I've had friends who've had the works, I see actors, ditto, and the first thought that hits me always is 'where has their soul gone?' because there is something really, really missing. Their histories, their experiences, their journeys.

The false idea of what is beautiful starts when a little girl is told repeatedly that she looks so pretty or, conversely, don't make an ugly face - it might freeze. The reminder of physical beauty surrounds us with every magazine we pick up, every movie and TV show we see, and every store we visit.

If only Mother Teresa, Golda Meier, Betty Friedan and others of their kind were held up with such a shining example of true beauty.

And if only, the elderly were revered as they used to be in some societies.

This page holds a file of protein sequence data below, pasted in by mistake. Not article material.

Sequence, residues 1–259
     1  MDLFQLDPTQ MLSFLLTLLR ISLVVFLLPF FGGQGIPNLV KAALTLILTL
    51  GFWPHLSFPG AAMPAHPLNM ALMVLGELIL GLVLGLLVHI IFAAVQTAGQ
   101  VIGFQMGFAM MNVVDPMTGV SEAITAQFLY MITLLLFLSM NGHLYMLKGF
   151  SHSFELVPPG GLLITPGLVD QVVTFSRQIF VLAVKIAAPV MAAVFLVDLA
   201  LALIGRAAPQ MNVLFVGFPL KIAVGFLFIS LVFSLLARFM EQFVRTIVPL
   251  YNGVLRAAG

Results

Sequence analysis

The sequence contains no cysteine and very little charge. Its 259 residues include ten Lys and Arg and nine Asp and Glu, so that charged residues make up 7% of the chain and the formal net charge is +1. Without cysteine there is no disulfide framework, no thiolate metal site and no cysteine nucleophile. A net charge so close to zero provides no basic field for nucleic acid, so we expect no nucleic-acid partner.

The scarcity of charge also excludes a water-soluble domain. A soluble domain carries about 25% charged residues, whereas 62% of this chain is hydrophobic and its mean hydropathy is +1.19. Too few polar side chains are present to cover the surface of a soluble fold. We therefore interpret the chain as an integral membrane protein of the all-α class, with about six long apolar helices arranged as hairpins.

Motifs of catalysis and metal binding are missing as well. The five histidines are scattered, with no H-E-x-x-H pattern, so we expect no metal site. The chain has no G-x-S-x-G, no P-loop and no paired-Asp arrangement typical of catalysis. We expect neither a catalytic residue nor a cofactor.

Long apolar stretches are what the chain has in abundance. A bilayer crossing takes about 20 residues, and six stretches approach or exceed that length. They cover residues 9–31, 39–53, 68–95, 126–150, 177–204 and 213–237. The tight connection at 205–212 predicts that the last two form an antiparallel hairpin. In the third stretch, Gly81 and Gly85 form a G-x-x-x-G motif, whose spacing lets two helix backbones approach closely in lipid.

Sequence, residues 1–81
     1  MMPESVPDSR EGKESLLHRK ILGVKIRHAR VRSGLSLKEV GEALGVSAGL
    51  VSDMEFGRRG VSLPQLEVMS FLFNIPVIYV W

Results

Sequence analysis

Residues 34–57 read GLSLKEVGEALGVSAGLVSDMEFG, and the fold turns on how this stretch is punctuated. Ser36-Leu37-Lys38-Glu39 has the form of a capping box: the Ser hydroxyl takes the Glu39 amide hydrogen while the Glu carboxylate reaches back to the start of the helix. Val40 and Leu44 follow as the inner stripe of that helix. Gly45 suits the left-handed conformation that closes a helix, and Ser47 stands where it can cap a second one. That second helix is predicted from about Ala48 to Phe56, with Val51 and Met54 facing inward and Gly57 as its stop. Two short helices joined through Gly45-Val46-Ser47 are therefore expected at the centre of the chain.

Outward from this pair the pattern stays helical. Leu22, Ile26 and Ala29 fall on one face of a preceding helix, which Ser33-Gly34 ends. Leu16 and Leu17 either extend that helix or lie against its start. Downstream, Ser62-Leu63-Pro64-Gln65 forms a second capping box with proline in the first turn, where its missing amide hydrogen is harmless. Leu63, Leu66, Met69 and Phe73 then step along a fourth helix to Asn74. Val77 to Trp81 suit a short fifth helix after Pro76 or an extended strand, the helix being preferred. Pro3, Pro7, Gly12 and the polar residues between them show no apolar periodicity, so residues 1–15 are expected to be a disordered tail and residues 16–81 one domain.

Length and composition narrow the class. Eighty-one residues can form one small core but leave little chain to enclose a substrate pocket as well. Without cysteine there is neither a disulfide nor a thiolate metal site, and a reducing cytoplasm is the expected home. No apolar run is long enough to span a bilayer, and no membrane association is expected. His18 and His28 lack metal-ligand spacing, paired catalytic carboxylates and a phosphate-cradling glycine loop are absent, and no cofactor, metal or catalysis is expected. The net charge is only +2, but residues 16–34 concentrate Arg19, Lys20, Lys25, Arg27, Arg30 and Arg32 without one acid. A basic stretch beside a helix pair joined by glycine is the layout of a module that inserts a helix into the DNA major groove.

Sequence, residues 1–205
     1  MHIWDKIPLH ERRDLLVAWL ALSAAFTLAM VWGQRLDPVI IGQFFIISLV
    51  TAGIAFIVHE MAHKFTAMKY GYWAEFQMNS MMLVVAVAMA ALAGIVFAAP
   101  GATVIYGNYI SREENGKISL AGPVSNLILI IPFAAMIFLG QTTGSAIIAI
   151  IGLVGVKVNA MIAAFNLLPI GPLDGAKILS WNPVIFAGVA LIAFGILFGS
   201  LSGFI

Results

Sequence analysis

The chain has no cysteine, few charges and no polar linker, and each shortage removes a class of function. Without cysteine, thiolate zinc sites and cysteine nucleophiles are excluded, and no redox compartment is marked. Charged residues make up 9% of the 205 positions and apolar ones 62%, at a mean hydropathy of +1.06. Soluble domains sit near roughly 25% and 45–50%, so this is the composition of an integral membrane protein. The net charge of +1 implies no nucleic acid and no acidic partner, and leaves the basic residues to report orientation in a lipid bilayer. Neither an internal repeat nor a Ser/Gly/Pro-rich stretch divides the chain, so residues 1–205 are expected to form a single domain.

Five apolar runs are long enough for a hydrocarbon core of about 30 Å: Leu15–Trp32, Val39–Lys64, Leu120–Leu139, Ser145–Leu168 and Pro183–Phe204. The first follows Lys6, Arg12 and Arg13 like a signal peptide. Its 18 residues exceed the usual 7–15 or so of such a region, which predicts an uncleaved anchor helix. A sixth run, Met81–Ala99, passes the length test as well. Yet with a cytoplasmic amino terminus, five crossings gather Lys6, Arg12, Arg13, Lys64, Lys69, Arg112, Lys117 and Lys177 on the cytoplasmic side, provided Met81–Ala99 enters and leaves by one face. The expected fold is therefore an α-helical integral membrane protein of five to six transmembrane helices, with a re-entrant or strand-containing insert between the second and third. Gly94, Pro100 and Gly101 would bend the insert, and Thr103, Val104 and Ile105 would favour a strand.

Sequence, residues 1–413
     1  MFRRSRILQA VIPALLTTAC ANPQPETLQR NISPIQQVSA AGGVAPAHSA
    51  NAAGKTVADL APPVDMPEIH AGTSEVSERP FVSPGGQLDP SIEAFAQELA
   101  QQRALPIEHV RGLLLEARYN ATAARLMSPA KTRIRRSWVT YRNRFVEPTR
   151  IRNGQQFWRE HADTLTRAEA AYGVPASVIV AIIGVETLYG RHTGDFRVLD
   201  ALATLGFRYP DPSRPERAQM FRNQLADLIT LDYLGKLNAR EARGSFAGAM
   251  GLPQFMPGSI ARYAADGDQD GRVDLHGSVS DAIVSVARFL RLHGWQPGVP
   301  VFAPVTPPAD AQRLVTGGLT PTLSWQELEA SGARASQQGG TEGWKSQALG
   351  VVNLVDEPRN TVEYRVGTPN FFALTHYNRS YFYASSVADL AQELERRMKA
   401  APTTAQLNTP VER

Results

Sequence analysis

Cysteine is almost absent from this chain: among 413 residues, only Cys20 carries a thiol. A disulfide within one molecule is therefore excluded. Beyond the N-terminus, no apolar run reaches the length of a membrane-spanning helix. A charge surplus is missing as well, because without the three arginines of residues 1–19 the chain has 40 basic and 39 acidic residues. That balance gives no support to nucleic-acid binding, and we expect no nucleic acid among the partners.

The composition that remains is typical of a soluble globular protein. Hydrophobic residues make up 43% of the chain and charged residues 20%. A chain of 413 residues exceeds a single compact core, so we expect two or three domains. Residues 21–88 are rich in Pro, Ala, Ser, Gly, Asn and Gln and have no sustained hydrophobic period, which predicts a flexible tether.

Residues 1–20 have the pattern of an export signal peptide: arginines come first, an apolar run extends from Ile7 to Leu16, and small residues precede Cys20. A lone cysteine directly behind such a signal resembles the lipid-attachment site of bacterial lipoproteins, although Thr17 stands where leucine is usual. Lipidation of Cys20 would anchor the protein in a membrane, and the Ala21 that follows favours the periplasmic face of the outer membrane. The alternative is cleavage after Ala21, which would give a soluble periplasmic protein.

I think M.E. is pulling our leg. I have a cochlear implant and no surgery is done on the ear.

I like my face as it is and am not going to have surgery or botox, but I think it's up to each individual to decide what makes their life better-- assuming they can afford it. I personally think old faces have a beauty all of their own, but I wouldn't say it's wrong for everyone to have surgery. My concern where it comes to me is I'd lose the character lines and face that has been mine trading it for a plastic imitation.

Personally, from what I have seen, I do not think any plastic surgery makes anyone look younger which is the fallacy of it. I saw an article once where it showed the faces after surgery and you were supposed to guess their actual ages. I was always right. To me it'd not be worth the pain or losing my own face and I have no desire to fake out others for my age. I am kind of proud of my age actually. Like wow, I got here. Who'd have thought.